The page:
Supporting local charities helps build social capital

Knowing and co-operating with others doesn't just give us warm feelings, but brings real, tangible benefits. Picture: Getty
Knowing and co-operating with others doesn't just give us warm feelings, but brings real, tangible benefits. Picture: Getty
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Interactive groups make a happier nation, says Nick Addington

Most of us would say that spending time with friends and family makes us feel happier. But did you know that it can extend your life? Studies have shown that people with stronger social relationships were 50 per cent less likely to die in any per iod studied than those with weaker relationships.

Knowing and co-operating with others doesn’t just give us warm feelings, but brings real, tangible benefits. Like a good friend bringing you soup when you’re not well, or having a friend babysit for you – on the understanding you will return the favour, of course. In this way, relationships help us get by, but they can also help us get on. So we might hear about a job opportunity from someone at the gym or we might get advice about a college application from a friend’s dad.

This is what is called “social capital”. Social capital is the concept that there is a value in our relationships and the trust that is built between people who know and support each other. We can acquire social capital by interacting with people and getting involved in clubs or community activities.

This is one reason why Foundation Scotland makes hundreds of grants each year to small charities and community groups. These groups are bringing people together, fostering co-operation, and reaching out to those who are most isolated. They might exist for a range of purposes: to improve the local environment, to help people in need, to provide essential services or to be creative, learn and have fun together.

When one of our corporate donors created a fund with us to support elderly people in the Stirling area, we were able to provide Ochil Community Centre management committee with a grant to buy kitchen equipment. The group wanted to create a community café and run a lunch club for old folk in Raploch. But the impact of the grant is not just that elderly residents get a healthy meal once a week. Many of them get to make new friends, enjoy a blether, and for some it is their one social event each week to look forward to. Mums and toddlers attending a group on the same day also use the café, and the generations mix and chat and get to know each other – relationships that extend beyond the centre, with families helping elderly neighbours with shopping, for example. The volunteers that run the café also help elderly folk to access other services including housing and benefits advice.

Groups like this are part of the glue that binds society together, improving people’s lives and circumstances and making people feel better about themselves and their communities.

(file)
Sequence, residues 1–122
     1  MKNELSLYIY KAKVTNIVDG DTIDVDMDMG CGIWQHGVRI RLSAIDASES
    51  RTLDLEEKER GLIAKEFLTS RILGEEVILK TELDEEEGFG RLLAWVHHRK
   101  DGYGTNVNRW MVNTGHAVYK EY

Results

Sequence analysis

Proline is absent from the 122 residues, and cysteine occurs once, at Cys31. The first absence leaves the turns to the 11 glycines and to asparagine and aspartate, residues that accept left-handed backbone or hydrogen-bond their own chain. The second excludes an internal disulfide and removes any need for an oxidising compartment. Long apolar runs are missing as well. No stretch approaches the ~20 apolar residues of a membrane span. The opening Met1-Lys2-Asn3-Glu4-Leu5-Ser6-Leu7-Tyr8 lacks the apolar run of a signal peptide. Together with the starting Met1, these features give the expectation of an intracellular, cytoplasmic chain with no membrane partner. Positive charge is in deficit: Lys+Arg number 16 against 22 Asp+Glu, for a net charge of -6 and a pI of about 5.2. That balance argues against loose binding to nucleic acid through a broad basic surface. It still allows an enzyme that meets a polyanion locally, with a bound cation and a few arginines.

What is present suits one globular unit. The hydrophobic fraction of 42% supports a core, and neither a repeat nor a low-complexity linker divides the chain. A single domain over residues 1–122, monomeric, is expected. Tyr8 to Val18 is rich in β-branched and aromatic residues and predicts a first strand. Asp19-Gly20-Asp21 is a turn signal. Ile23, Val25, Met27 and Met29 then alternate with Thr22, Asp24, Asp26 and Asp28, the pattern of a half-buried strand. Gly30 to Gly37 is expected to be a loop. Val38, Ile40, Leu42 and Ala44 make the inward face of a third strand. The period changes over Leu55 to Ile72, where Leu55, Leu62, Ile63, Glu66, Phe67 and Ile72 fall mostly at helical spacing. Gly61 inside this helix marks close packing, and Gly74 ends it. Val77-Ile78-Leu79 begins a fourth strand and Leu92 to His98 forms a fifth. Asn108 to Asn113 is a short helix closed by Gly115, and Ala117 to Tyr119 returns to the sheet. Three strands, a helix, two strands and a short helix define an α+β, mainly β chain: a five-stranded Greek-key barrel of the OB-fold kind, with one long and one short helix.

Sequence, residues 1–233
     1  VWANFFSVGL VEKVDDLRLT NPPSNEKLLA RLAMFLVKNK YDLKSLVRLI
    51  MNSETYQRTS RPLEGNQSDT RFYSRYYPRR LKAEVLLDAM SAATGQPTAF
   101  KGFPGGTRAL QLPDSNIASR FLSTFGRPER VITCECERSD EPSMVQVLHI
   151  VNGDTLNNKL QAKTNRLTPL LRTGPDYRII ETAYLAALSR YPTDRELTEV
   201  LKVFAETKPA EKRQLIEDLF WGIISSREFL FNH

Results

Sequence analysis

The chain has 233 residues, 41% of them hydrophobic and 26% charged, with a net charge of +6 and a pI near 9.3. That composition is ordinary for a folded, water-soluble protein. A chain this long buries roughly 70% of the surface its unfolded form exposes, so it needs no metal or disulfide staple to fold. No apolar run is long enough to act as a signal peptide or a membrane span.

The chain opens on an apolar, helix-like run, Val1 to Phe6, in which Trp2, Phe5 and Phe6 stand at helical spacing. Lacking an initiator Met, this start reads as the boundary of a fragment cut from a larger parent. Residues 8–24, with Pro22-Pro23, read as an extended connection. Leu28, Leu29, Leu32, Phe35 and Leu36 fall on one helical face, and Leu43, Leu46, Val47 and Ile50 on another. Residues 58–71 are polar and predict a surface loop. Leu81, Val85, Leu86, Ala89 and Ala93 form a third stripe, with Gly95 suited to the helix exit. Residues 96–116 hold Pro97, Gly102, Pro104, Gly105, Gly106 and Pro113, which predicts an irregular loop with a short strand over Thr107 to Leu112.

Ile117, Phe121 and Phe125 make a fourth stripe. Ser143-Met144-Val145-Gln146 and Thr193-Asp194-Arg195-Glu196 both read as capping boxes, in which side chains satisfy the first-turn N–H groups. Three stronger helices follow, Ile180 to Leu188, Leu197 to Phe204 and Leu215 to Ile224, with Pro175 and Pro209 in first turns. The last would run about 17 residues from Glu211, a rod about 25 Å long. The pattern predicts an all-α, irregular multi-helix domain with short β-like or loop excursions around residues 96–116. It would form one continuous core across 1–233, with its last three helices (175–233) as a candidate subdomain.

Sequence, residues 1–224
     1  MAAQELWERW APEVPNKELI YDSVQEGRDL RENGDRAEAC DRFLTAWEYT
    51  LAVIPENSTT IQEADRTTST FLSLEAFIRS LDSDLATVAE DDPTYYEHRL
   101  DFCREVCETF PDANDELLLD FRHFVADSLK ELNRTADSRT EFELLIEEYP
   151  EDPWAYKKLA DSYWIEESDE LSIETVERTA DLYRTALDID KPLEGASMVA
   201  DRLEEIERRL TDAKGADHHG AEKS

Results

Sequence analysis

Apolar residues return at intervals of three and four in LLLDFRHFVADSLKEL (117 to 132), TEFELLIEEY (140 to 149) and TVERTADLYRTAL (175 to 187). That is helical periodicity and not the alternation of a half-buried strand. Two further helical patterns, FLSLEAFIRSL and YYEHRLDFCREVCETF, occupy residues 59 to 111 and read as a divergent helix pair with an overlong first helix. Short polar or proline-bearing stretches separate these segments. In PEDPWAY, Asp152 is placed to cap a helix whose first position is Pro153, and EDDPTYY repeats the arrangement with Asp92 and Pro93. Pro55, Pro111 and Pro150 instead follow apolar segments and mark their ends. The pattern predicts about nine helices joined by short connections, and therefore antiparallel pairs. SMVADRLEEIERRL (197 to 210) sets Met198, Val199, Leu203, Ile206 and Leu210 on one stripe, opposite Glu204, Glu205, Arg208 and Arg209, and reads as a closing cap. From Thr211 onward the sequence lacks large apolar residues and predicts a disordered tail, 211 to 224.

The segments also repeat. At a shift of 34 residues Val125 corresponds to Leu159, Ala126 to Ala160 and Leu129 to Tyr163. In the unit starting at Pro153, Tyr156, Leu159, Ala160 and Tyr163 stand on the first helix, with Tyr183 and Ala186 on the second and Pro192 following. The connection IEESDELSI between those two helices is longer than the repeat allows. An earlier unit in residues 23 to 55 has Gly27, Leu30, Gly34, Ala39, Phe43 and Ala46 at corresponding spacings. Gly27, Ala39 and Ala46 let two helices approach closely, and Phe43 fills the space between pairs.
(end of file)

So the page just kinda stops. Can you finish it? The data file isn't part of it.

Analysis of charities’ annual accounts by the Scottish Council for Voluntary Organisations (SCVO) shows that 80 per cent of the income of Scotland’s charitable sector goes to just 4 per cent of charities. The large charities that make up that 4 per cent are doing great work and spending that money well, but Foundation Scotland is keen to ensure that smaller groups, often run entirely by volunteers, can also access a few hundred or a few thousand pounds when they need it.

The impact of the recession and cuts to public funding are having a real impact on the viability of these groups. Most local authorities are less able to offer support with premises or funds. Raising money from local supporters has been harder as people feel the pinch themselves. Meanwhile, many charities report increased demand for their services, usually leading to an increase in costs as they do their best to meet rising need. Research by SCVO also shows that smaller charities are most likely to have incurred deficits in the last couple of years as their costs increase and income doesn’t keep up. Some 45 per cent of charities with an annual income under £25,000 ran at a deficit in 2012-13. Few will have sufficient funds in reserve to sustain them if this continues.

Encouragingly, Foundation Scotland is working with more and more people and companies who want to give to local charities. Research undertaken by UK Community Foundations confirms that most people are keen to connect more to local groups through donations or volunteering. In a 2013 survey, it found 54 per cent of people in Scotland already give time to local causes, while 44 per cent give money. More than half said they would give more if it was made easier and they could see the difference it made. People also said that they thought giving locally is twice as effective as giving to national or international causes.

With increasing interest from policy-makers in promoting well-being and preventing future demand on public services in a challenging financial climate, there has never been a more important time to support local charities and community groups. Let’s invest financial capital to grow Scotland’s social capital, because we’ll be a happier – and healthier – nation if we do.

• Nick Addington is head of philanthropy services at Foundation Scotland


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